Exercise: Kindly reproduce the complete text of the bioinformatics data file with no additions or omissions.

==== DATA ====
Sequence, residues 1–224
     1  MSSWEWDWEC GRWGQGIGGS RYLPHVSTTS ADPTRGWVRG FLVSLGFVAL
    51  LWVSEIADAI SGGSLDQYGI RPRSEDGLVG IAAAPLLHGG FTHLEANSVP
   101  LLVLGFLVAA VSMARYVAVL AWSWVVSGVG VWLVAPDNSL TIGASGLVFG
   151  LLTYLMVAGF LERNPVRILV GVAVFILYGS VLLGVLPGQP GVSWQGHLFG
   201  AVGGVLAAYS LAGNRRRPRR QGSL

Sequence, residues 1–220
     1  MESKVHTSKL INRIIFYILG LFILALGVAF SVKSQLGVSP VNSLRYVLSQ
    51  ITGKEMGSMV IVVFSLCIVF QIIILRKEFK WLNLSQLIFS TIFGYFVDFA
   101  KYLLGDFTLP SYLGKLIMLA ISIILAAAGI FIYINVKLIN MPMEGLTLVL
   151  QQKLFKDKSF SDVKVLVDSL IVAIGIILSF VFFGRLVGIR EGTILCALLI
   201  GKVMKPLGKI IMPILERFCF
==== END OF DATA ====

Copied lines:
Sequence, residues 1–224
     1  MSSWEWDWEC GRWGQGIGGS RYLPHVSTTS ADPTRGWVRG FLVSLGFVAL
    51  LWVSEIADAI SGGSLDQYGI RPRSEDGLVG IAAAPLLHGG FTHLEANSVP
   101  LLVLGFLVAA VSMARYVAVL AWSWVVSGVG VWLVAPDNSL TIGASGLVFG
   151  LLTYLMVAGF LERNPVRILV GVAVFILYGS VLLGVLPGQP GVSWQGHLFG
   201  AVGGVLAAYS LAGNRRRPRR QGSL

Sequence, residues 1–220
     1  MESKVHTSKL INRIIFYILG LFILALGVAF SVKSQLGVSP VNSLRYVLSQ
    51  ITGKEMGSMV IVVFSLCIVF QIIILRKEFK WLNLSQLIFS TIFGYFVDFA
   101  KYLLGDFTLP SYLGKLIMLA ISIILAAAGI FIYINVKLIN MPMEGLTLVL
   151  QQKLFKDKSF SDVKVLVDSL IVAIGIILSF VFFGRLVGIR EGTILCALLI
   201  GKVMKPLGKI IMPILERFCF